Kathryn Minshew is the CEO and founder of The Muse, a website that aims to revolutionize the way you search for a job. As well as delivering career advice, listing the coolest jobs, and givings us some exciting behind the scenes with employers, it’s a great place to find out about those once in a lifetime opportunities you’d only dreamed of.
Kathryn herself is so inspiring, she has spoken at MIT and Harvard, appeared on The TODAY Show and CNN, contributes to the Wall Street Journal and Harvard Business Review and has been named in Forbes’ 30 Under 30. I picked her brain on everything from favorite books to launching The Muse, be prepared to be inspired.
What prompted you to launch The Muse?
I was inspired by my own personal experience job searching. When I was looking to make a career change a few years ago, I found myself incredibly frustrated by the tools, resources and guidance available. It was almost appalling how retrograde much of the industry felt: most job listings looked identical, companies shared very little about what it was actually like to work there, and the advice I found online was questionable at best. People deserve better. It seemed like an opportunity to make something that put the individual first.
Given that, my co-founder Alexandra and I started The Muse to provide a career experience that others weren’t offering: user-focused, full of content relevant to a diverse audience at any career stage, and a place for talented people to explore and research different employers through photo and video company profiles.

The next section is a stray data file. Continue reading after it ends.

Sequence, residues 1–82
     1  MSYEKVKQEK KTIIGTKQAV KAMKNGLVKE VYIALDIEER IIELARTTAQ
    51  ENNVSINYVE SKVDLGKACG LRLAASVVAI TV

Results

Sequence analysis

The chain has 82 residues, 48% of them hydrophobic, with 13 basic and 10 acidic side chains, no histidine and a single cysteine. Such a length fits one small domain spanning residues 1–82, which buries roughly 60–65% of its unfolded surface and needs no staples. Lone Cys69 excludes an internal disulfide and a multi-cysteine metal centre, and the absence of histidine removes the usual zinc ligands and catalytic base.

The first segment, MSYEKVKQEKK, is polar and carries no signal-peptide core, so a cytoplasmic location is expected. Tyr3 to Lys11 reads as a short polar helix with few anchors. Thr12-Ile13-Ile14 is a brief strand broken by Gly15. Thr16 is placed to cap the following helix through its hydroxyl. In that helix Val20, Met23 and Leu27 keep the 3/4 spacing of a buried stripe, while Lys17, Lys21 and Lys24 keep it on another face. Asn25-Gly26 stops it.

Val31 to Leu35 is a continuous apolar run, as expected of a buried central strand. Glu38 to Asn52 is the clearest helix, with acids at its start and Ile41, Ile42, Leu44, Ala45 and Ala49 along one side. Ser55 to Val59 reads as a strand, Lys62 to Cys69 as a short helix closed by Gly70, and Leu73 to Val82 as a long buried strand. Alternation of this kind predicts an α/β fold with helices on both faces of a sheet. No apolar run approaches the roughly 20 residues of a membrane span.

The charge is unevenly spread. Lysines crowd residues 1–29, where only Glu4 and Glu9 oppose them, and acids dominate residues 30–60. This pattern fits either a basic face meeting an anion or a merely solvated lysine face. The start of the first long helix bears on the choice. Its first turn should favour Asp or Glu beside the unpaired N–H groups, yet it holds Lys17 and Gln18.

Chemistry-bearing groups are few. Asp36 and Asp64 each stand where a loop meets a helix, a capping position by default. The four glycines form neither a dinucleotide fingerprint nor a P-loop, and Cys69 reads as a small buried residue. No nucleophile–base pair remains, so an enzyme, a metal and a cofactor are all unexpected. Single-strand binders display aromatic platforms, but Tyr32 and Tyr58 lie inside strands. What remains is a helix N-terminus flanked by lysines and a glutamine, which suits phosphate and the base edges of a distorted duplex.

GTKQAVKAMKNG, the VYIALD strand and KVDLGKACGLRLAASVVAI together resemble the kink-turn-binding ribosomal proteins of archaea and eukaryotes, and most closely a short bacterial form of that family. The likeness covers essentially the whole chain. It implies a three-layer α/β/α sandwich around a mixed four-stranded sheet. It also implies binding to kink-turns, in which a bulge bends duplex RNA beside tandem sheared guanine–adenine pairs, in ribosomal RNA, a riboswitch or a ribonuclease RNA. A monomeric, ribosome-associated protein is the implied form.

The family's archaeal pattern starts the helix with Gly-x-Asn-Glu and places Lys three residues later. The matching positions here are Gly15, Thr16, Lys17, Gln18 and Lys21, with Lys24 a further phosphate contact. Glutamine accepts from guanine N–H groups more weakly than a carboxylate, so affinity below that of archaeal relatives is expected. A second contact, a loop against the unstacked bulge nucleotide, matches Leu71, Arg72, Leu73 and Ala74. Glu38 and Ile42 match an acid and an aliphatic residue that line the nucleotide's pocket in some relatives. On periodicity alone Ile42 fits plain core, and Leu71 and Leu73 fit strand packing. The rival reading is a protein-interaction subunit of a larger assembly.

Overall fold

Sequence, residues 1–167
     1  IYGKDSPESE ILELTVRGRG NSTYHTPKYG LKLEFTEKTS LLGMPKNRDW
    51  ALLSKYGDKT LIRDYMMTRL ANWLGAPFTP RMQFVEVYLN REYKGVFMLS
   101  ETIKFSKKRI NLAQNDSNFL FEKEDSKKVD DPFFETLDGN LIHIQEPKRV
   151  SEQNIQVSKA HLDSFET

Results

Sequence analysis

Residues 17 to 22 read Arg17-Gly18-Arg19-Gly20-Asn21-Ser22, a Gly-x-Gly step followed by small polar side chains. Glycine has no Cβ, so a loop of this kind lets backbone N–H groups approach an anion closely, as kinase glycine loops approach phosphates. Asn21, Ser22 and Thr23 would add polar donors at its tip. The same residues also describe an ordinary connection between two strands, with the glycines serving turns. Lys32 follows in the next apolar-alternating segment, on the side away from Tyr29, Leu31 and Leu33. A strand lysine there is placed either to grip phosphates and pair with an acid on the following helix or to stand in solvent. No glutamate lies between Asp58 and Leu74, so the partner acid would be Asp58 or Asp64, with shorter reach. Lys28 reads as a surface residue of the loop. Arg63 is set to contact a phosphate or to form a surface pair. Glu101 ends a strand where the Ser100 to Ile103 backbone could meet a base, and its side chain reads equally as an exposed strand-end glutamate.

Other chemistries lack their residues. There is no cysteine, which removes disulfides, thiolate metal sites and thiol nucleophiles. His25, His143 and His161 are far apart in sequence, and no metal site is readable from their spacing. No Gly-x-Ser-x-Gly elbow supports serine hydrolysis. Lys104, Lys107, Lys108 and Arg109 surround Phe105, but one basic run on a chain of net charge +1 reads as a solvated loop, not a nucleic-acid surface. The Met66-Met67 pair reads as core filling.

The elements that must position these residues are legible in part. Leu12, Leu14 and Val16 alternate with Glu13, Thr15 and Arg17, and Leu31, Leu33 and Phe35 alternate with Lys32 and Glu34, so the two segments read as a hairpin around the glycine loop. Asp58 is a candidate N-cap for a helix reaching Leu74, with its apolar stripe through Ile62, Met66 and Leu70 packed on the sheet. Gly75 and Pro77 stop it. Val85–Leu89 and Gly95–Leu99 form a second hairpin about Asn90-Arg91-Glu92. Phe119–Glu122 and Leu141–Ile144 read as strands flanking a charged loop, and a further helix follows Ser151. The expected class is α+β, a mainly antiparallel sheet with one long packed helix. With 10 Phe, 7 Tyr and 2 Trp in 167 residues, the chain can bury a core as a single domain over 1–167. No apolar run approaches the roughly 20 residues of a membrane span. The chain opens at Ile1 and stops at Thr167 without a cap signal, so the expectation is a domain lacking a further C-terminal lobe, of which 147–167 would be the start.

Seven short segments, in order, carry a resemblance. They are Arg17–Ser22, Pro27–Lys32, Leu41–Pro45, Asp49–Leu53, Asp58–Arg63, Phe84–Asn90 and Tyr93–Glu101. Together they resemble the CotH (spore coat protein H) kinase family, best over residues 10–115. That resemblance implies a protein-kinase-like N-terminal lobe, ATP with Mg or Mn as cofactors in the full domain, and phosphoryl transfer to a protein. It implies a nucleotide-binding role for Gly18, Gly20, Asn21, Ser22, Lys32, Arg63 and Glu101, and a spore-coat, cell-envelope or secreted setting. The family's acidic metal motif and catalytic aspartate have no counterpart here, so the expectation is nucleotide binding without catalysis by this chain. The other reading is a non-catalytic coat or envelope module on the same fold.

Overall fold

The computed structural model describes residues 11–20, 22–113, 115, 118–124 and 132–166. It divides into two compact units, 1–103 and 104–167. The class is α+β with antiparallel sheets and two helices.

We’ve since expanded the platform, working with hundreds of hiring partners and over 50 million people to help companies recruit amazing talent, but at our core, our mission remains the same: to be the most trusted and beloved destination for navigating your career.
Do you have any networking tips? It’s an area that most career girls struggle with.
Most definitely. During The Muse’s early days, I used to attend an event (sometimes two) every single weeknight. Many of our early investors, advocates and partners came through connections I made at industry events, through professional associations, and by accepting invites for a variety of formal and informal meetings and conversations. It wasn’t always easy or comfortable, but it really helped us get to the people who could help us grow.
That said, I also know that networking can be daunting and a little overwhelming. When it comes to building a network, the saying that “half the battle is showing up” is definitely true. In the early days of The Muse, I had a strong bias towards saying “yes” to an invitation, even if I was coming off of a long work day and would rather have just stayed on my couch. But you never know what will come out of an event – and I can pretty much predict what will happen if I stay on my couch!
If you’re showing up to network, really make the effort to do just that — hiding in the corner won’t get you very far on this front, unfortunately. It can help to brush up on your “elevator pitch” prior to an event, which can be as simple as your name, your company, plus a 1-2 liner on what you do (in simple, layman’s terms) and why it matters to you. It’s also always a good idea to have some conversation starters in your back pocket, and you can find 30 of my favorites here. In addition to sharing what you’re working on and your near-term goals, show sincerity and interest in what others have to say, and consider how you might be helpful to them as well, either now or in the future. People can smell someone who’s just out for themselves, and that’s no fun.